Buff Mice Offer Clues To Muscle Growth

BALTIMORE -- The muscle-bound Mighty Mouse created by taking away one protein gets even mightier when another is added.

BALTIMORE, Aug. 28 -- The muscle-bound Mighty Mouse created by taking away one protein gets even mightier when another is added.

Mice that lack the protein myostatin but over-express another - follistatin - have about four times the muscle mass of their wild cousins, according to Se-Jin Lee, M.D., Ph.D., of Johns Hopkins.

The finding hints that the pathways that regulate muscle growth are more complicated than previously thought, Dr. Lee reported online in the journal PLoS ONE.

And that may widen the scope of research into ways of using the myostatin pathway to treat human diseases in which there's a deficiency of muscle, such as muscular dystrophy or cachexia, he said.

Dr. Lee and colleagues showed in 1997 that mice that lack the circulating protein myostatin, a member of the transforming growth factor- (TGF-) family, have about double the muscle mass of wild mice.

They also showed that proteins that block myostatin, such as follistatin, have a similar effect.

The effect of missing myostatin was corroborated by reports of animals naturally lacking the protein and exhibiting over-developed muscles.

And in 2004, the New England Journal of Medicine published a case report of a boy born with a defective myostatin gene who was heavily muscled at birth and by age 4 and a half was able to hold three-kilogram dumbbells extended in either arm.

In the current experiments, Dr. Lee looked at mice lacking myostatin but over-expressing follistatin. His hypothesis was that there should be no further effect.

"To my surprise and delight, there was an additive effect," Dr. Lee said, implying that proteins other than myostatin are involved in regulating muscle growth.

"These findings show that the capacity for increasing muscle growth by targeting these pathways is much more extensive than we have appreciated," Dr. Lee said.

"Now we'll search for other players that cooperate with myostatin, so we can tap the full potential for enhancing muscle growth for clinical applications."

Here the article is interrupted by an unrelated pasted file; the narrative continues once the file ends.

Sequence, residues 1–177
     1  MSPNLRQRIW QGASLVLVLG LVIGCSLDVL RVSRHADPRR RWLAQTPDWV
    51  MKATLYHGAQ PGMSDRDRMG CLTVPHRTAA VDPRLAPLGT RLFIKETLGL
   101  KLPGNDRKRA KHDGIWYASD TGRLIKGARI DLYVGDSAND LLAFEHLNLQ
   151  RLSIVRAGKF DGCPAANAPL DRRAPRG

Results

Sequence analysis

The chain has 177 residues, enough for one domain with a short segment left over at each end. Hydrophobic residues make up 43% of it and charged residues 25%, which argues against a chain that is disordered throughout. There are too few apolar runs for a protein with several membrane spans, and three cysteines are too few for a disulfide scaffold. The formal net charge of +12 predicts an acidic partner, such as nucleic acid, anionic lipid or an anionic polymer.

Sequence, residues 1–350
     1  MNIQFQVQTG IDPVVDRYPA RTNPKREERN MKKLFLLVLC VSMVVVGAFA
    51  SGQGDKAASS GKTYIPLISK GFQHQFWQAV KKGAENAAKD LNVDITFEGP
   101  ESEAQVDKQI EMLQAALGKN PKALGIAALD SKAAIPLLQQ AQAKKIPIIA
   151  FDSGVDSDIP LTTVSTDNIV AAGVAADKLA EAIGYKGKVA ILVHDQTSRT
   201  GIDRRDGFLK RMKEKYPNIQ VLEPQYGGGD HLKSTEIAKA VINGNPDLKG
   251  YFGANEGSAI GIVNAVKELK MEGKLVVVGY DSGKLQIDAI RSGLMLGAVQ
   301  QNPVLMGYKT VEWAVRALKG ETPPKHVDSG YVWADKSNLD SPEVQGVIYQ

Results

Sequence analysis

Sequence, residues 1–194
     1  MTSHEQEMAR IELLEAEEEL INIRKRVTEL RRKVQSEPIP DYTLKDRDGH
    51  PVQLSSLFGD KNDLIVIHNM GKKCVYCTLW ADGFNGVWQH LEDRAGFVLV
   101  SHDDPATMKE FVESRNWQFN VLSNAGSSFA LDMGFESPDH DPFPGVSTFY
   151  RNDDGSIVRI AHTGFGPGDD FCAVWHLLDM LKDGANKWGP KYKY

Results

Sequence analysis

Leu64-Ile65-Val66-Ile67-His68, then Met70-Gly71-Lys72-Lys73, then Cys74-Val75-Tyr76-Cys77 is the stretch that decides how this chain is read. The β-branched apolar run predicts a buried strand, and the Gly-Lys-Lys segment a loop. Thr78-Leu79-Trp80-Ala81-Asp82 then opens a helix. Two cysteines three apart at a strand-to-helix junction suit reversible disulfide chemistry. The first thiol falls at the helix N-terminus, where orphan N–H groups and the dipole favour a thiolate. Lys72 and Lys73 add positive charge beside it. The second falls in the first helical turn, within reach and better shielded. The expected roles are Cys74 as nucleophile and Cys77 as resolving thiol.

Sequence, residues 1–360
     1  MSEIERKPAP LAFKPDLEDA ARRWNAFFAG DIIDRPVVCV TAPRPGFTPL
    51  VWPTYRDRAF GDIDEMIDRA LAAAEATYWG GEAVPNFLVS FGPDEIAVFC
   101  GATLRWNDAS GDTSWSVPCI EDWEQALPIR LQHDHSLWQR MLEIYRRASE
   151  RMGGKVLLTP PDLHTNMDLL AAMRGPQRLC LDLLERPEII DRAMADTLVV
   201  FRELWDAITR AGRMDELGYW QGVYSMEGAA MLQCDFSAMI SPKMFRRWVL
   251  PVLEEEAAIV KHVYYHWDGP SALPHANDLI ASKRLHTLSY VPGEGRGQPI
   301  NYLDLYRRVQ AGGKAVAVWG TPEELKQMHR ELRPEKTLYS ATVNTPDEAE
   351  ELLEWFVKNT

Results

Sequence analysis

The finding may have clinical implications, as well, because research in the area has been hampered by the fact that myostatin levels in humans are lower than they are in mice, he said.

In his current experiments, Dr. Lee took transgenic mice lacking the myostatin gene and attempted to breed mice that over-expressed follistatin and other myostatin inhibitors.

As expected, mice with extra follistatin but normal myostatin had about double the muscle mass of wild-type mice. For instance, the pectoralis muscle of the wild-type mice weighed about 73.5 micrograms, compared with about 122 micrograms for the extra-follistatin mice, a difference that was significant at P

When the two effects were combined, the mice had a quadrupling of muscle mass that resulted from about a 73% increase in fiber number and a 117% increase in fiber cross-sectional area.

That finding implies that the additional muscle mass induced by follistatin in the absence of myostatin results from blocking other proteins whose role is to regulate muscle fiber growth, Dr. Lee concluded.

The greatest effect on muscle mass was observed in offspring of mothers homozygous for the myostatin mutation, raising the possibility that either myostatin itself or a downstream regulator may normally be transferred from the maternal to fetal circulations.